How to Prevent Being Clubbed to Death

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How to Prevent Being Clubbed to Death

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Whether a monthly powwow or a daily two-hour practice, every after-school activity involves certain responsibilities that pull focus from scholastic obligations. With over 40 extracurricular opportunities offered by Hoban, not to mention activities separate from the school, slight diversions quickly become full-time operations. Such unprecedented flash floods of stress stemming from only a few club enrollments beg the question: How much is too much?

 

Zen Kōans are easier to answer, but I’ll try.

 

You could always run a simple health-and-happiness analysis to decide. Are you sleeping less than five or six hours a night? Have you become too busy for routine bonding time with family and friends? Do you attend meetings for clubs you have little to no interest in? If you answered yes to all of these questions, congratulations! You are the lucky winner of years of sleep deprivation and poor grades! Not to worry, the only tax is familial relationships and, well, friends.

 

However, if you’re an overachiever like myself, some of those sacrifices may seem worth the addition of seven or eight clubs to your college applications. I’m going to let you in on a secret: We’re dead wrong.

 

For starters, most large public colleges, like Kent State University, the University of Akron and Ohio State University draw such an expansive applicant pool that extracurriculars don’t carry much weight. Admissions committees at schools like these focus more often on an applicant’s quantitative attributes – if excessive extracurriculars begin affecting your grades, you’re at a major disadvantage.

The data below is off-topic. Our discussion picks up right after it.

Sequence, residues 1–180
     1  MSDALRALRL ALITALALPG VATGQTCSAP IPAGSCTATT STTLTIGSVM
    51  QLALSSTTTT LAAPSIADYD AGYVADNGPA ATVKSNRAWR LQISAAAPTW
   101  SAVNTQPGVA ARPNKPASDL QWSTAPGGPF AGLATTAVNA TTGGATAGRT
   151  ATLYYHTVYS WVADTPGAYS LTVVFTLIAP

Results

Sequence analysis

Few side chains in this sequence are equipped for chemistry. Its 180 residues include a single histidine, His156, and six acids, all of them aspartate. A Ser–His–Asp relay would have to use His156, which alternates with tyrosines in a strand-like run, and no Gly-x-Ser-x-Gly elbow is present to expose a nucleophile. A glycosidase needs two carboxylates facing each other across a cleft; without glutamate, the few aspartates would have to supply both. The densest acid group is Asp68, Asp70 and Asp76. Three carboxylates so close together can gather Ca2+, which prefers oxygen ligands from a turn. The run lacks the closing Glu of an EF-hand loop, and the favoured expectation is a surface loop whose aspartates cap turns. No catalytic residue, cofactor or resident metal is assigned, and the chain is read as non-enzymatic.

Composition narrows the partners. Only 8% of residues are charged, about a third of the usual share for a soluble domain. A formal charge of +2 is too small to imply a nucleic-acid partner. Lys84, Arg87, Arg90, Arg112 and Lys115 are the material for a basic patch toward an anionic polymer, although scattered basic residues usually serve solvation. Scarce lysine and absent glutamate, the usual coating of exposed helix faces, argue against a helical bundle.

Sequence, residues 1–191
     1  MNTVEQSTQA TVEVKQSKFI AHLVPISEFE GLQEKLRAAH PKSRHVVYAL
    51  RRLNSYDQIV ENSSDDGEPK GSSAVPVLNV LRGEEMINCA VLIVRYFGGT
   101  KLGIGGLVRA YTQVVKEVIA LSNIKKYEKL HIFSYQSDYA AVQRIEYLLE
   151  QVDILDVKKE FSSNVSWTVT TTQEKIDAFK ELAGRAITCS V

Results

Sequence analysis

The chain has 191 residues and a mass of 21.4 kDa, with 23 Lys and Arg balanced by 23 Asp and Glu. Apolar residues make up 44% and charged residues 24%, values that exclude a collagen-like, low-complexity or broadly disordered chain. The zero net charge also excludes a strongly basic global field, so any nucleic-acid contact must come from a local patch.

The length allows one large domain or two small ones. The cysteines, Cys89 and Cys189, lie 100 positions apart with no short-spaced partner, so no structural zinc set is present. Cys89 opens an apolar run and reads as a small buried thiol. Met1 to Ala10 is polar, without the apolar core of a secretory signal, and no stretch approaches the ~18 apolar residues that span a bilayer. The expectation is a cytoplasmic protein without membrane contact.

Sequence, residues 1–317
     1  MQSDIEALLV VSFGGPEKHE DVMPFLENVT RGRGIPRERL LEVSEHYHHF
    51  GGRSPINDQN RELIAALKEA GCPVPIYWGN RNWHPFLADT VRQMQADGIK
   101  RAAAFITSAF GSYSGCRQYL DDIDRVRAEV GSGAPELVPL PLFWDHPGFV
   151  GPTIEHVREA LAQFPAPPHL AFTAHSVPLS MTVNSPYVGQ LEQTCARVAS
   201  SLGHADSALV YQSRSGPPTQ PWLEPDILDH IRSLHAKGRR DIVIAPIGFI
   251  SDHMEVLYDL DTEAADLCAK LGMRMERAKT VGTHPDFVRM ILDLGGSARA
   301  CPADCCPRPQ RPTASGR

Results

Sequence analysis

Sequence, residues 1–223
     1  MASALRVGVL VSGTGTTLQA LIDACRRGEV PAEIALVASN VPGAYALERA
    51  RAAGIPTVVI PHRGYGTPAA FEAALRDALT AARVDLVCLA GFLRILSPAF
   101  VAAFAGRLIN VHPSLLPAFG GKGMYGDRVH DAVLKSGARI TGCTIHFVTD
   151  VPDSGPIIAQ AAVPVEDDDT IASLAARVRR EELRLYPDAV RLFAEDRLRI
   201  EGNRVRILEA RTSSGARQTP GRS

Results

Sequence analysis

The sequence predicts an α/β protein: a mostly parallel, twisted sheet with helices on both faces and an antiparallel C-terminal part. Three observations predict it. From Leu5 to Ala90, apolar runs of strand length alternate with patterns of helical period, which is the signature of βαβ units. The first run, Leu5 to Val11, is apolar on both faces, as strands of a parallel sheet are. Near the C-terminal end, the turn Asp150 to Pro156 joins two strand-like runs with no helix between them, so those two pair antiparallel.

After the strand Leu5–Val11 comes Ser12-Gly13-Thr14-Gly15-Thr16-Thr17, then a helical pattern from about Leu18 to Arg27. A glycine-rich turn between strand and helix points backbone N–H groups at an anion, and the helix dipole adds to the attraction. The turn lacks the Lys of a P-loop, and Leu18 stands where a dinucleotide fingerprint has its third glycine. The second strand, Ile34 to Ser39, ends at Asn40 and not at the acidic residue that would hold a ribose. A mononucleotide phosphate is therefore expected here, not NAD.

Highly selective private schools also won’t be impressed by your involvement if it comes at the expense of test grades. Even the Ivies, which stress the importance of a holistic application, would rather see a 4.4 GPA than a club t-shirt.

 

If you’re not involved for the application boost, it comes down to the clubs you’ve chosen and the effort required. A passion for engineering is a beautiful thing, but once you join Robotics, Science Olympiad and Model Bridge Building, you’ll soon find yourself carelessly guesstimating the answers for the Pre-Engineering worksheet you ran out of time to complete. Just because an extracurricular seems interesting doesn’t mean it’s for you.

 

I certainly don’t mean to imply that non-scholastic excursions are pointless or wrongheaded – far from it. Social and intellectual development benefit immensely from extracurricular involvement (and let’s not forget how amazing the Spanish Club’s quesadillas taste). That being said, a shopping trip for tortillas and shredded cheese also means an hour less to study.

In the end, everyone must find their own version of balance. Focus on activities that tell the story of who you are, but don’t sacrifice the plot to do so.